Financial institutions and individuals who suspect they could be called as witnesses by the banking royal commission must come up with a strategy, according to Dentons partners John Dalzell and Ben Allen.
With the banking royal commission set to begin on 12 February, Sydney law firm Dentons has some practical advice for those called as witnesses.
Below is an edited transcript of a speech Mr Dalzell and Mr Allen delivered to a forum of financial services professionals on 17 January in Sydney.
Develop a strategy
You will know, and only some of you may know, with a newer organisation, where the bodies are buried; that is, conduct that may have occurred in the past that fell short of community expectations.
What you do with that information is very important, because it will determine things like who you nominate as your witness.
Regarding setting a strategy, by that, I mean: will you confess and avoid? That is, confess, own up to, past shortcomings for example, if shortcomings have happened in your particular entity or institution. Make full and upfront disclosure for that fact, apologise and then move on and look to the future?
But a strategy in the banking royal commission may equally be admirable if you were simply to deny, reject and oppose any allegations that were put to your particular institution.
That's important, because it may inform and affect the witness that you nominate, and you will have an opportunity to negotiate with your witnesses.
Because if you want to deny something that happened in the past, you need somebody who has enough information, knowledge and experience of your business as it was at the time of the conduct who can actually defend that conduct, or to deny it.
However, if the strategy is to accept that any of those allegations put to you about conduct that fell short of community expectations and standards in your industry, and simply look to the future, you may wish to put forward a witness who only deals with and focuses on the future and in fact knows very little about what happened in the past in first-hand experience.
Whatever strategy you set, you must be flexible.
You must have in place, together with and informed by your overarching strategy, a media campaign before the commission, during your involvement in the commission and to deal with any aftermath as well.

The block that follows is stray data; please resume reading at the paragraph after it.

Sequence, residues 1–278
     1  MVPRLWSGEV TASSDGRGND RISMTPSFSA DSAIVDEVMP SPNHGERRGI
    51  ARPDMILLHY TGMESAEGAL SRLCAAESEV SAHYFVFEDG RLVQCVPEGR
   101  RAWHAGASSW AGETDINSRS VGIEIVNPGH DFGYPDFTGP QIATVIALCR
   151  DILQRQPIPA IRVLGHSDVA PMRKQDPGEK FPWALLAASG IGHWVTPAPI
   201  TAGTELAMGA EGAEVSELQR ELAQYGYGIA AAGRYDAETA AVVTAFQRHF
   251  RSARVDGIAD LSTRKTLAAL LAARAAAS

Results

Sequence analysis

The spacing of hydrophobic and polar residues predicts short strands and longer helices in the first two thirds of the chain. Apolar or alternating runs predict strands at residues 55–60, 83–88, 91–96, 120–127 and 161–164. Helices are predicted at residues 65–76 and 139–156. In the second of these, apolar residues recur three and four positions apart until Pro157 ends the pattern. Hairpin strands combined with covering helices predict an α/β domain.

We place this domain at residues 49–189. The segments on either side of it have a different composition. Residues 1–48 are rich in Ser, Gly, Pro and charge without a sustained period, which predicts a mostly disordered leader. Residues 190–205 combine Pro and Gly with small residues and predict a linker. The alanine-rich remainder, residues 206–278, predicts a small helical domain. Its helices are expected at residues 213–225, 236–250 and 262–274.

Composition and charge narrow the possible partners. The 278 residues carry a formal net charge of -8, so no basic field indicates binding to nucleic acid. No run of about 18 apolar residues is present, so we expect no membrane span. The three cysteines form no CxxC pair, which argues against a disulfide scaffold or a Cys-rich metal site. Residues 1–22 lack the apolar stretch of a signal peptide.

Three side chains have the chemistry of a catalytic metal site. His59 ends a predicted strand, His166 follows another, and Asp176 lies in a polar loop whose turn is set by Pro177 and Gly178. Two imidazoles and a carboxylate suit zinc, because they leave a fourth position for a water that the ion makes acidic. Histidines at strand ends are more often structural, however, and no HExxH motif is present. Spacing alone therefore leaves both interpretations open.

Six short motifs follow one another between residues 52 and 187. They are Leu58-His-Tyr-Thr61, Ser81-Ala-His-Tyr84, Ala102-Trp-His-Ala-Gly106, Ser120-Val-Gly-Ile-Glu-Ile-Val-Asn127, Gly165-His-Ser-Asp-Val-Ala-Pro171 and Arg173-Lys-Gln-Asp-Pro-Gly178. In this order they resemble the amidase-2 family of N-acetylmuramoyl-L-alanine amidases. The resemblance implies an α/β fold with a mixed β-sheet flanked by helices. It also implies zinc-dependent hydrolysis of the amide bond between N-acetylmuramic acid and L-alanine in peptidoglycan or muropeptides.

Attend relevant hearings – in person
You must attend all of the hearings of the area that you're interested in – that is, the areas that you may be required to attend, be it superannuation, insurance, mortgage broking, banking, lending practices.
Whatever area that is germane to your industry that is the focus of the commission at that time, and it will be done by industries, you must attend.
It's not good enough to sit in your office in Sydney while the hearings happen in Melbourne, to look at the transcript online (because it will be published daily) and think you have a rough handle on where the commission is going.
You will miss nuances, you will miss hard questions that were put, and you will miss those areas that are of interest to the commissioner and to counsel assisting.
Other stakeholders will be there
You don't have to be the subject of the royal commission to get leave to appear in the royal commission.
That is, it isn't just going to be banks, mortgage companies, insurance companies, that turn up. There will be other stakeholders, if I can call it that: consumer groups, CHOICE, legal action groups, shareholder consumer groups and protection groups who may seek leave to be heard.
That's quite important, because in your particular area, for example insurance, you may get a number of third parties who will turn up and ask for leave to appear.
Once leave is granted for them to appear, they can cross-examine your witness. Not just counsel assisting, not just the commissioner, but anybody that has been granted leave to appear at your particular hearing can cross-examine your witness.
And the commission has complete discretion to close down and prevent questions, but Ken Hayne … he's not an interventionalist judge.
I think it’s unlikely he will intervene in any particular harsh way to close down questions.
Terms of reference: what’s not in it
What is probably more important [than what is in the terms of reference] is what isn't included, and there are a number of striking omissions or exclusions that have been carved out.
The terms of reference specifically limit the scope of the inquiry, and they include things such as saying the commission isn’t required to inquire into or make any recommendations in relation to macro-prudential policy.
That means any policy of regulation or government that is concerned with containing systemic risk which can have widespread implications for the financial system as a whole beyond simply the banking system, so a much larger form of macro-prudential policy.
But the commission has been asked specifically to look at banking policy and regulation.
The second thing that the commission has also been asked not to look at is any activity that might prejudice or compromise or duplicate any other inquiry or investigation or criminal or civil proceeding that has occurred or that is currently occurring.
And finally, and somewhat unhelpfully, the terms of reference also state that the commission may choose not to inquire into any other matters that the commissioner doesn’t want to inquire into.
All of that gives a sense of the uncertainty of where we are in terms of what may be covered.
John Dalzell and Ben Allen are partners at the Sydney law firm Dentons (formerly Gadens).